21. Alex Whiteside Says:

    Dan Barrett: there are well-defined side effects for many vaccines. For obvious reasons they're usually similar to mild symptoms of the pathogen itself, and they're responsible for a lot of sick days and a couple of unanticipatable deaths every year. However these effects are well-known, usually readily treatable, and backed up by many scientific studies. On balance, the loss of life and health by not vaccinating is far, far, far, far higher than the loss of life and health that may occur as a result of a vaccine side-effect. It's a testament to the idiocy of the antivaccination movement that their deranged activities have managed to erroneously convince you that there are no vaccine side effects at all.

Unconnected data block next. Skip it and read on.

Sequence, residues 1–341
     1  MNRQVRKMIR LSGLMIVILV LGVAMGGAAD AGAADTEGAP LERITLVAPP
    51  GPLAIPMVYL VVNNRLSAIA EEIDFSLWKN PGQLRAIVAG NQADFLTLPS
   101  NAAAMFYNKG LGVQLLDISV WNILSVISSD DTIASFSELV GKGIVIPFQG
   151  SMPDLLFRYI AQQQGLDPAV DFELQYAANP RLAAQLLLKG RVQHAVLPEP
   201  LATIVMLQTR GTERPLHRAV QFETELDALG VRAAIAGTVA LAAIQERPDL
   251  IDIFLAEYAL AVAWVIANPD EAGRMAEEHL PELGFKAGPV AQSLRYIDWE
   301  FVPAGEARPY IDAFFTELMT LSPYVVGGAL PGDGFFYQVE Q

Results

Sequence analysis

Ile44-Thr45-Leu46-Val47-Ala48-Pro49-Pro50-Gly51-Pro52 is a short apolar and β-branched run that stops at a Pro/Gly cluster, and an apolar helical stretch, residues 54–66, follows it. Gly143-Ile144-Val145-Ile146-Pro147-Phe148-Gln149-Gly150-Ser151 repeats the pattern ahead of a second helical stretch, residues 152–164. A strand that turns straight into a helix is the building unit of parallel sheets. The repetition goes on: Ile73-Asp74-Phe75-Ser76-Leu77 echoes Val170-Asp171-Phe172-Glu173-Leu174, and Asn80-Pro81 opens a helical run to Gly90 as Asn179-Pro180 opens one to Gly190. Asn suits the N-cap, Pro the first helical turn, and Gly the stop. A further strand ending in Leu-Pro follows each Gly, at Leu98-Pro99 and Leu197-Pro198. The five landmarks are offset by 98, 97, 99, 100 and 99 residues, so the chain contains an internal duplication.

Interestingly, the notorious David Geier started off his career in that sort of legitimate vaccine-effects research before going off the rails in spectacular fashion with all sorts of gibberish about mercury-testosterone crystals* (?!) to justify chemically castrating autistic kids.

    *(This idea seems to have originally come about from the fairly new "premature masculinisation" ideas about autism which have as much of a scientific footing as panspermia. I doff my hat to his ad-hoc binding of that to the mercury-toxicity hypothesis. I have a fantasy about eventually getting a grad student to come up with a definitive study into how awful his idea is, but it's so ill-defined there's no sensible way to come at it.)

Leave a Reply